Leap’s Motion Sensor Is the Real Leap Towards Virtual Reality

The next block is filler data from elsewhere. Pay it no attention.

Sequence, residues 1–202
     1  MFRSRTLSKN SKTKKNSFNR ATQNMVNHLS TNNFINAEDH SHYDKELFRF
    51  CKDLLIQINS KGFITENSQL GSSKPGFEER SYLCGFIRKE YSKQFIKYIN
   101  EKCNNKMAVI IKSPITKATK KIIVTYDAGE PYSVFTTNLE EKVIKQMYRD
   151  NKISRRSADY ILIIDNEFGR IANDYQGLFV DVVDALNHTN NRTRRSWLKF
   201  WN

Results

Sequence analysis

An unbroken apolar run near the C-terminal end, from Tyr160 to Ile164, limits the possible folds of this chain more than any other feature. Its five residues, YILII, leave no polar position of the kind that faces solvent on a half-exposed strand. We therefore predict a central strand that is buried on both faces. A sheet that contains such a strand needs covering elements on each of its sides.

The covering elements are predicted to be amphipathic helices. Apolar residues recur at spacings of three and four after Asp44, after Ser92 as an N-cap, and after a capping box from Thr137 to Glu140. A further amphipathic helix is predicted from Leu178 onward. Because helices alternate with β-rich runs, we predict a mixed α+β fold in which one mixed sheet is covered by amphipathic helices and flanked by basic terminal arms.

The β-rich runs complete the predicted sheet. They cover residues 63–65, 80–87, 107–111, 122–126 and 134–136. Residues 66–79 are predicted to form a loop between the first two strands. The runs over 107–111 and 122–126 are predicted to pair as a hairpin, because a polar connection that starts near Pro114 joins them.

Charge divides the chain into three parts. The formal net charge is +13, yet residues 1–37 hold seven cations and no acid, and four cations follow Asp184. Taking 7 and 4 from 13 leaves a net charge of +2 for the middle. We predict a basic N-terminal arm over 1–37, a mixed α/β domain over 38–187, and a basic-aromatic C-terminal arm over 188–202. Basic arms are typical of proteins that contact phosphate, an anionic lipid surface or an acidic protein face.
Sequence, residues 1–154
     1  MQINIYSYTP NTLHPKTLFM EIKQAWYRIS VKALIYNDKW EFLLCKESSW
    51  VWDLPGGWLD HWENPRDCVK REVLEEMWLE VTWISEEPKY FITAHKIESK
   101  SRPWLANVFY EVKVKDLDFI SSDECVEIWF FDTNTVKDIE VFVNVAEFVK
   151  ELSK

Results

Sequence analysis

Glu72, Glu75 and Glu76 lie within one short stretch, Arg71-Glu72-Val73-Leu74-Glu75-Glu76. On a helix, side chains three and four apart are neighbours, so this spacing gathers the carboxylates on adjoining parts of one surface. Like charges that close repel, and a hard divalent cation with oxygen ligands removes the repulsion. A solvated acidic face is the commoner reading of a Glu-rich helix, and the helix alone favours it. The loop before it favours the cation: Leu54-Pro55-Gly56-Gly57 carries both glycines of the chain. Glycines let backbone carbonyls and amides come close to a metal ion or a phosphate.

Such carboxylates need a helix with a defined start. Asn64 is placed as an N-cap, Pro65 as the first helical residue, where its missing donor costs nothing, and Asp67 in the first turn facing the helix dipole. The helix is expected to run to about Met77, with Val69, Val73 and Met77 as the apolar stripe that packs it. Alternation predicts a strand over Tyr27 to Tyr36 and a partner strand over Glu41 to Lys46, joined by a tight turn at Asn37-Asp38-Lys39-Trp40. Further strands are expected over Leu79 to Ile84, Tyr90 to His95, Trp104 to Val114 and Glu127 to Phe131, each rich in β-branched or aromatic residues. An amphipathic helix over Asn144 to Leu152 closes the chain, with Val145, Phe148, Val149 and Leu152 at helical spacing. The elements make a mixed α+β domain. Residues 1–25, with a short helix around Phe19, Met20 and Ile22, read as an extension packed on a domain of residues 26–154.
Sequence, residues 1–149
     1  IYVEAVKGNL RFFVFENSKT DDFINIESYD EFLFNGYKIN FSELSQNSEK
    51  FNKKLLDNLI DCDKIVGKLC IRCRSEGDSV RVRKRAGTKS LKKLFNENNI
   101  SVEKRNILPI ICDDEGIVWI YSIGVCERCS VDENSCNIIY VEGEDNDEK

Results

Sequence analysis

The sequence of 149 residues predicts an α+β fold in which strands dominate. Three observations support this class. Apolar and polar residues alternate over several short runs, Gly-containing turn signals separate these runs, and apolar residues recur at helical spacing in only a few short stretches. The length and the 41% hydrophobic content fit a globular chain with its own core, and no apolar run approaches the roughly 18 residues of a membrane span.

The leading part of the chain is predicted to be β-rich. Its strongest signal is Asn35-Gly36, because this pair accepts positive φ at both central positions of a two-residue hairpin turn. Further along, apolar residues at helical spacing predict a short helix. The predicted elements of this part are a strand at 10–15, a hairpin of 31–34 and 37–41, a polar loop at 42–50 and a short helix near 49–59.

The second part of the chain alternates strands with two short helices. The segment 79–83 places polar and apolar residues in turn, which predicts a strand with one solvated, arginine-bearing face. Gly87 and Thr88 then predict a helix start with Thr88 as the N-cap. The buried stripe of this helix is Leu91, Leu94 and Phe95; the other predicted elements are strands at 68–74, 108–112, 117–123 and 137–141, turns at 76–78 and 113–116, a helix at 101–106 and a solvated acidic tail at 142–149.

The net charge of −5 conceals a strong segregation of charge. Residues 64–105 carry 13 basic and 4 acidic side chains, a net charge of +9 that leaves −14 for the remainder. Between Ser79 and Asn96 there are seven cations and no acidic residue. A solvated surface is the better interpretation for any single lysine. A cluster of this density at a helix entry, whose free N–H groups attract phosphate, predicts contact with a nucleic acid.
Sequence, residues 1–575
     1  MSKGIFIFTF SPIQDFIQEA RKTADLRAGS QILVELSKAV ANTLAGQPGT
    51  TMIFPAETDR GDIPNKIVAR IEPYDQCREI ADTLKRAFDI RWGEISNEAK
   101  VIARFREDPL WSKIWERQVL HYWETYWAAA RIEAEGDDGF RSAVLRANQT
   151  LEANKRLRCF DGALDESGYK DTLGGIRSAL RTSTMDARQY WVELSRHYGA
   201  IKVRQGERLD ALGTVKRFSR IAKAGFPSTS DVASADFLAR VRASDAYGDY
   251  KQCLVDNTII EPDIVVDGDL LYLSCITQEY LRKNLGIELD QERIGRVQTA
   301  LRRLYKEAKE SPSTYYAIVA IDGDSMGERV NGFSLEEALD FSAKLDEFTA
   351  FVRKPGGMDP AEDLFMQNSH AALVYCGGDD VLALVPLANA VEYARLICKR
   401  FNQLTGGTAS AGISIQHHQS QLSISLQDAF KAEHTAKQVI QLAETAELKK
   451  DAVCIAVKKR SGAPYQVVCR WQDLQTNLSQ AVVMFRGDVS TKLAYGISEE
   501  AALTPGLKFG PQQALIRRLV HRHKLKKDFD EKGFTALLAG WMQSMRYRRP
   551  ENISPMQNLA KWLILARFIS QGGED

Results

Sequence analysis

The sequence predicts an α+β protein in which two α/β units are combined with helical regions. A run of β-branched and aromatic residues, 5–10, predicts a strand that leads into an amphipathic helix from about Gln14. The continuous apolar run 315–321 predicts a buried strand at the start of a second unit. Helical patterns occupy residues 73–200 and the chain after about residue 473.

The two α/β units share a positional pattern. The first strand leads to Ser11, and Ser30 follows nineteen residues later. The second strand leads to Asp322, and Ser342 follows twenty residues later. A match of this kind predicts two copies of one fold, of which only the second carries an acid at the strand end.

• [align=justify]Virtual Reality (VR) has been one of those tech things that I am really looking forward to. I want to immerse myself into the world of zombies, darkness and seclusion; maybe something like a VR rendition of [i]Alone in the dark 2[/i], or something more contemporaneous like the [i]Resident evil 7. [/i][b]Leap Motion seems like a silver lining in the world of chunkier controllers with its motion-sensing tech[/b] that is strapped onto the VR headsets and not to your hands. After all, it’s better to move objects with hands rather than fiddling with the controllers. Leap’s motion sensor peripherals are required to be strapped to the front of your VR headset; a little chunky though, but still better than holding onto two different controllers in your hands—something that’s really a turn off for those who want an immersive experience out of VR (well, that’s what VR was made for originally). The aforementioned accessory was initially working on a software that was built only for desktop PCs. [b]But now, it’s getting a serious upgrade in the form of a new hardware and software solution called Orion. [/b] And prior to Orion, Leap Motion sensors would only work with [url='https://www.engadget.com/2015/03/25/razer-osvr-leap-motion/']Razer’s OSVR[/url], but then again, it was just available as a face plate. Orion is a custom hardware that’s designed especially for the VR headsets. And with more recognition, it’s expected that Leap would get more VR headset manufactures onboard to embed its Leap Motion’s 3D motion sensors into their VR and AR headsets. According to Leap Motion’s CEO and co-founder Michael Buckwald said: [i][b]"The category that's most likely to adopt this is untethered mobile VR"[/b][/i], and that’s make sense particularly due to the compact nature of mobile VR headsets. Plus, you wouldn’t want to carry around additional controllers with you to experience VR on your mobile phone. [b][/b] [b][color=#0000FF]So how is the performance?[/color][/b] Let’s talk real business now, i.e. how great Leap Motion’s new motion sensing hardware is? Well, according to [url='https://www.engadget.com/2016/02/17/leap-motion-orion/']Engadget’s Nicole Lee[/url], the tracking is really fast, smooth and accurate. In fact, the hardware is so sensitive that it could not just detect the hands, but also the fingers that it couldn’t see. Whoa! The hardware uses hint of pixel around the knuckles to determine where the rest of your fingers are, in case you were thinking. She mentioned that holding onto objects is quite easy; the movements are cleaner and sharper. “I found that I was able to do actions that required a lot more precision, such as creating a catapult and balancing a bar on top of a block. I created spheres and threw it at targets, stacked blocks with ease and spun a cube on its side”, said Lee. Leap’s best feature is not it’s hardware, [b]but rather a powerful software that’s making Leap Motion as a successful reality[/b]. And as Buckwald once said, “The holy grail of virtual reality is a sense of total presence and immersion. With Orion, we're enabling developers and OEMs to create that type of experience." True that![/align]
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